Collaboration to Promote Alcohol Screening and Brief Intervention
CDC and the Substance Abuse and Mental Health Services Administration (SAMHSA) are working together to promote a newly approved performance measure, Unhealthy Alcohol Use Screening and Follow-Up, which is included in the Healthcare Effectiveness Data and Information Set (HEDIS). The purpose of this HEDIS measure is for health plans to report “the percentage of members 18 years of age or older who were screened for unhealthy alcohol use using a standardized tool and, if screened positive, received appropriate care.”
Performance measures assess the quality of healthcare services and identify areas that need improvement. There are many types of performance measures used by different healthcare systems. HEDIS is a tool used by more than 90 percent of U.S. health plans to measure how they perform in multiple care areas.
This project, Improving Quality of Care through Alcohol Screening and Brief Intervention and Its Reporting in Electronic Clinical Data Systems, is a quality improvement learning collaborative to help health plans use and report the HEDIS measure. The project will engage health plans in efforts that improve quality of care and health outcomes of individuals with unhealthy alcohol use. The National Committee for Quality Assurance (NCQA) will complete this work in collaboration with SAMHSA, CDC, and FEi Systems.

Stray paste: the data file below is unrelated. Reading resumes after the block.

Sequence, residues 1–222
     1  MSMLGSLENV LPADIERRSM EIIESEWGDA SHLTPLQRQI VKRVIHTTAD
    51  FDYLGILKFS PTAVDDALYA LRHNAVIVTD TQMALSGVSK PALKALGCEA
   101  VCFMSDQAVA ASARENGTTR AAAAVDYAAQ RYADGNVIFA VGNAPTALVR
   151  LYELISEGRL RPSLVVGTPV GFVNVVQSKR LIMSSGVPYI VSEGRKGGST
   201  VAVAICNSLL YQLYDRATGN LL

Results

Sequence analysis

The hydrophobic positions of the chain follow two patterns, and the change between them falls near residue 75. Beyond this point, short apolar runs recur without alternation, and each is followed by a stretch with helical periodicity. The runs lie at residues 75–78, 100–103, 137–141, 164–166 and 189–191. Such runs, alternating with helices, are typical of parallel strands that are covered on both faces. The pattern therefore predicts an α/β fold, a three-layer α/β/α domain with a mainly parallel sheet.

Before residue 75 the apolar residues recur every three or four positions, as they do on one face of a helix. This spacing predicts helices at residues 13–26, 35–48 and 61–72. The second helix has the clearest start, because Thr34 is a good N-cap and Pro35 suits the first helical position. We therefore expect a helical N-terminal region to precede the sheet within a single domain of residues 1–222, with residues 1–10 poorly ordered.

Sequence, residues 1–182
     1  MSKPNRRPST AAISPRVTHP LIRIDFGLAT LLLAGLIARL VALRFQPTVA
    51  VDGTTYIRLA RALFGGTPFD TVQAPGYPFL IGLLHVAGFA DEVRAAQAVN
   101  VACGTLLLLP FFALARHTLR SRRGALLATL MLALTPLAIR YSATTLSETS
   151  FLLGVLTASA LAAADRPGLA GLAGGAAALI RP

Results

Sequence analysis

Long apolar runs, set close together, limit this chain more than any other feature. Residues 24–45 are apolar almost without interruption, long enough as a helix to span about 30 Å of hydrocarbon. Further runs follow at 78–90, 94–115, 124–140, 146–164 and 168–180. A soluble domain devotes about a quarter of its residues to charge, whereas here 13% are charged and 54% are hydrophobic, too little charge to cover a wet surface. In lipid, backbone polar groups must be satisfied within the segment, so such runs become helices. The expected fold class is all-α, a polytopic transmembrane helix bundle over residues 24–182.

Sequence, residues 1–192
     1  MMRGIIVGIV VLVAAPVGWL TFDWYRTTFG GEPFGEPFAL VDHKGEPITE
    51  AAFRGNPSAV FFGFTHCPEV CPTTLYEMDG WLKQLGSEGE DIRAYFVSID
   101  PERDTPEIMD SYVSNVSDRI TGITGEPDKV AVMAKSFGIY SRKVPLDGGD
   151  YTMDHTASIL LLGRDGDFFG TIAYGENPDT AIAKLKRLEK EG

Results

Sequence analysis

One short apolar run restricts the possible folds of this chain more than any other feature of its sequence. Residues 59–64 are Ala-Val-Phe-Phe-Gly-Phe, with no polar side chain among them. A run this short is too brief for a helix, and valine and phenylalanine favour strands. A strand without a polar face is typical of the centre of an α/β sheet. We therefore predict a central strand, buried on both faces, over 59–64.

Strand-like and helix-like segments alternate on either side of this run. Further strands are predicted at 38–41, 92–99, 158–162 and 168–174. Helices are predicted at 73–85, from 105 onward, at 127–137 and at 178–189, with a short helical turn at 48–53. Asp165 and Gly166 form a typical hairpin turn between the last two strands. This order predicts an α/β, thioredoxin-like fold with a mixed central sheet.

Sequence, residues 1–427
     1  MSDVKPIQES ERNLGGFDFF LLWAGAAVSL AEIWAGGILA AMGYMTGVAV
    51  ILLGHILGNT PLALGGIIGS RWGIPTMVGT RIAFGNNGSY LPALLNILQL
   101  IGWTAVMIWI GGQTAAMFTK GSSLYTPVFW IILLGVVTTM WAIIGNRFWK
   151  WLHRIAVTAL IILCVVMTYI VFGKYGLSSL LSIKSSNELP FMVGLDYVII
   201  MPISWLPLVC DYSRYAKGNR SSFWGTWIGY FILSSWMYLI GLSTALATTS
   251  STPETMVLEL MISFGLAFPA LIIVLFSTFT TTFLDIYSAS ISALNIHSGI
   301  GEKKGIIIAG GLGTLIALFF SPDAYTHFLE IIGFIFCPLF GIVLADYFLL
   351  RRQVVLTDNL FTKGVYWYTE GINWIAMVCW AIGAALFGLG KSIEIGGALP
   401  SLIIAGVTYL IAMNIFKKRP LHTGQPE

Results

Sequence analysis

Over the course of this project, activities will include the following:
- Recruiting health plans willing to implement the measure and participate in quality improvement activities to increase its reporting,
- Developing a practice change package that includes activities and resources to improve health plans’ quality of care and reporting, and
- Convening regular meetings for health plans to share experiences and lessons learned with experts and other health plans participating in the learning collaborative.
Visit NCQA’s website to read more about the development of the measure and next steps.
- Page last reviewed: April 10, 2018
- Page last updated: April 10, 2018
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